Saturday, February 18, 2012

Thoughts on Linsanity

    I love me a good underdog story. I mean Since my youth I've rooted for the Cleveland Browns, it doesn't get more underdog than that. With that said, seeing the electric rise of Knicks point guard Jeremy Lin has been nothing short of amazing these past 2 weeks. Now I'm definitely not the first person to have some words on this story and I know I wont be the last but I just found this whole thing too intriguing to not say anything. Now if theres a chance you've been living under a rock for the past several days you may have no clue what I'm talking about, so for the courtesy of educating your ignorance, I am sharing the below link to get you caught up.....go ahead watch away....I'll go make a sandwich or something.....

...okay, there you were all on the same page. So lets discuss. Here we have this fantastic story about an undrafted basketball player who struggles getting into the NBA but gets his moment to shine (one of those moments in life where you either step up or regret not having done so for the rest of your life) and he makes every second count so far. Its just joyous to watch and by the mood of fans and the country in general the consensus seems to be that they are enjoying it as well.

...Ohh by the way there is one other thing that you may have casually observed in the nice video above. Have you guessed it yet? Let me help. You see this guy, Jeremy Lin......[whispers] He's Asian (American of Taiwanese descent to be exact)...... Yup, I can here it already. The sirens of the PC police are on their way to my house for daring to publicly notice that someone is of a different race than myself. Its funny how every story I've seen on Lin walks on eggshells when mentioning his race. Now please understand I am as horrified as anyone when people like Floyd Mayweather run their mouths claiming Lin's hype is only due to him being Asian or the geniuses who run the MSG network find it okay to show a graphic of Lin's face coming out of a fortune cookie (my eyes are still rolling especially at that one), but I just think as mature adults we should be able to recognize what Lin is doing on behalf of Asian Americans and appreciate it for the positive thing that is.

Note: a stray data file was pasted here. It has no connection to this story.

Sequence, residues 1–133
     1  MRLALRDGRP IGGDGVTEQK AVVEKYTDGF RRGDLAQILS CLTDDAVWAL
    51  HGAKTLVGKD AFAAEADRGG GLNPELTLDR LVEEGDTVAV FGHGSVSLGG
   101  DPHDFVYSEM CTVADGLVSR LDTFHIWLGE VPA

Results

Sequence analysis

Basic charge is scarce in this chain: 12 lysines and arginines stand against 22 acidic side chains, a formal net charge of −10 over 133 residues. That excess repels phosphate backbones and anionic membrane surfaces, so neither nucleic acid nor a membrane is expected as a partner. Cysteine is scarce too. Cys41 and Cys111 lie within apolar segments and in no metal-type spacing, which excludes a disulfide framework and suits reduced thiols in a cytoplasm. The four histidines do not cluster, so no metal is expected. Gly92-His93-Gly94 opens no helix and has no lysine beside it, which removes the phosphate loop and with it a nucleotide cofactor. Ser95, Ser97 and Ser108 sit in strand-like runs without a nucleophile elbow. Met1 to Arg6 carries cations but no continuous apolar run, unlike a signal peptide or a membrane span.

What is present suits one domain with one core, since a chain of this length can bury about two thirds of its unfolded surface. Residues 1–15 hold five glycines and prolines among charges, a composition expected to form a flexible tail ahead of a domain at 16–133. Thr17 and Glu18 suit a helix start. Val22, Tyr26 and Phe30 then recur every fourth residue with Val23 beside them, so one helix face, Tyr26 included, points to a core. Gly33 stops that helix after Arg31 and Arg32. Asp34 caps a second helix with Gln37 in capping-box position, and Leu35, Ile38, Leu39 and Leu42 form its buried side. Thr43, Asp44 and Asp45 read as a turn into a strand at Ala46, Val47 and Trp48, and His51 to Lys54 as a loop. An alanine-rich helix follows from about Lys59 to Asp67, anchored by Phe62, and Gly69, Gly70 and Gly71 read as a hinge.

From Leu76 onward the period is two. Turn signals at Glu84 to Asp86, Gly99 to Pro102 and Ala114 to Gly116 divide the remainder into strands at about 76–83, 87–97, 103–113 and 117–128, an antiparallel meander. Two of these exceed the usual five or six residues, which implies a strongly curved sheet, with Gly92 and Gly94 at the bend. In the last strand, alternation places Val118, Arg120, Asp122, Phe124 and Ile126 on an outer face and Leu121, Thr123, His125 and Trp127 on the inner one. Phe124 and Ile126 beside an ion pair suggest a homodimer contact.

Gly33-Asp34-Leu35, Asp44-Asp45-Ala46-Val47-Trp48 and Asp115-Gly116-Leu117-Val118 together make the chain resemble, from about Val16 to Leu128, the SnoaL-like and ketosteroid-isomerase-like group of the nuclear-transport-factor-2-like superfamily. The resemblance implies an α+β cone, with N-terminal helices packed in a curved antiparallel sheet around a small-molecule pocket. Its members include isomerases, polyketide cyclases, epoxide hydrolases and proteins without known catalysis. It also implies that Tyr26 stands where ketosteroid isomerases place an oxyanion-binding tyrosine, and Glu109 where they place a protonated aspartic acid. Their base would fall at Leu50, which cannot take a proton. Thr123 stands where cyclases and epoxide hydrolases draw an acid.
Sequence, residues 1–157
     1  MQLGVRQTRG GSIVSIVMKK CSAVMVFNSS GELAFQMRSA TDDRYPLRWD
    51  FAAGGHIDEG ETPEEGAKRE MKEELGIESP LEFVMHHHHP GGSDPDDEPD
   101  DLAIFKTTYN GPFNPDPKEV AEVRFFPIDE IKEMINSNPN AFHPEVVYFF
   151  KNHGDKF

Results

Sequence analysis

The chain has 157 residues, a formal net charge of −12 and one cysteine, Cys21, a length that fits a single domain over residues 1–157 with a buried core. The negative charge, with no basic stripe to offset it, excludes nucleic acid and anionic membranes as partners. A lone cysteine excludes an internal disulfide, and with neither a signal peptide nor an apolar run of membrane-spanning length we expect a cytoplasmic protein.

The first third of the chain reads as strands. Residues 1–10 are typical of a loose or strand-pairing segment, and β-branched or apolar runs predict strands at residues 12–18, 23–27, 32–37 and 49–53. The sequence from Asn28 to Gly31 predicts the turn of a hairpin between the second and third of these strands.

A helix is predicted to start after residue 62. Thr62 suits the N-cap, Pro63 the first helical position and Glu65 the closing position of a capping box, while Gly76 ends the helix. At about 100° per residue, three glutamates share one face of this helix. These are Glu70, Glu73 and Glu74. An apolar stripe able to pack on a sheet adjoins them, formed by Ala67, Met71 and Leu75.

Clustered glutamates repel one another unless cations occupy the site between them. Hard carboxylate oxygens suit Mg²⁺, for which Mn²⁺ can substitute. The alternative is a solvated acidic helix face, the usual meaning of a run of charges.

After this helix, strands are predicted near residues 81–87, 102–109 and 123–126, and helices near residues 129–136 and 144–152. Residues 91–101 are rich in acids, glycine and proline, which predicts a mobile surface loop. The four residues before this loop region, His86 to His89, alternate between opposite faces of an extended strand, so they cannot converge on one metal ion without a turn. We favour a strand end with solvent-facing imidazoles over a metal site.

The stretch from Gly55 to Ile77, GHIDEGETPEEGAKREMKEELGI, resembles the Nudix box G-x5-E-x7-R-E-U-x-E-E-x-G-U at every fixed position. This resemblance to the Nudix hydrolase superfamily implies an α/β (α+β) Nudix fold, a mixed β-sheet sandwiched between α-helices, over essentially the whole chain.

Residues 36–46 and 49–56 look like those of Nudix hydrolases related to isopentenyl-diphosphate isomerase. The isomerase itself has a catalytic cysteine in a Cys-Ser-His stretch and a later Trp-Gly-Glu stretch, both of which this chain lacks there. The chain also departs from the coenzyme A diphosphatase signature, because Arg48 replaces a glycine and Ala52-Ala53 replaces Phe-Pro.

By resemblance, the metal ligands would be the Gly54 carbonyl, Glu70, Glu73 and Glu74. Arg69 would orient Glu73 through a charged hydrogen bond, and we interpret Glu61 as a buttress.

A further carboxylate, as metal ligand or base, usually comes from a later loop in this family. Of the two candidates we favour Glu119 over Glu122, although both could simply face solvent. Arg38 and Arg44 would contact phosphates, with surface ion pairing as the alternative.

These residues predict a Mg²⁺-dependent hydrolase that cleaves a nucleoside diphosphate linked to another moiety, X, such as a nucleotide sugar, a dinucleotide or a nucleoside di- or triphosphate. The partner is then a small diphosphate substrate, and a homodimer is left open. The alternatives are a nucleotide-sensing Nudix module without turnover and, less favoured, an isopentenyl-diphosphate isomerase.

What Lin is doing currently is remarkable regardless of his race. Hes come out of seemingly nowhere to lift a team that has been severely under performing in what most had hoped would be a year of resurgence for the team.Hes inspiring, humble and a marketing dream come true. BUT...... to not say his race has even slightly helped his appeal is ridiculous. Now I know I may have lost some of you with that statement, but please, here me out if you will. Jeremy Lin is doing something groundbreaking and that's a positive thing. Besides all of his on court heroics he is breaking the stereotype for what makes an NBA player. An excerpt from a study published in Slam magazine from 2011 shows the following:

"–In the NBA, 83 percent of the players were people of color, an increase of one percentage point from last year’s totals. This represents the highest percentage of players of color since the Racial and Gender Report Card began reporting the composition of the NBA teams. The percentage of African-American players increased by one percentage point to 78 percent, equaling the highest since 2001-02. The percentage of Asians remained constant at 1 percent. The percentage of Latinos increased by one percentage point to 4 percent.  The percentage of people of color classified as other was slightly under 1 percent. The percentage of international players decreased by one percentage point to 17 percent, the lowest percentage since the 2003-04 season.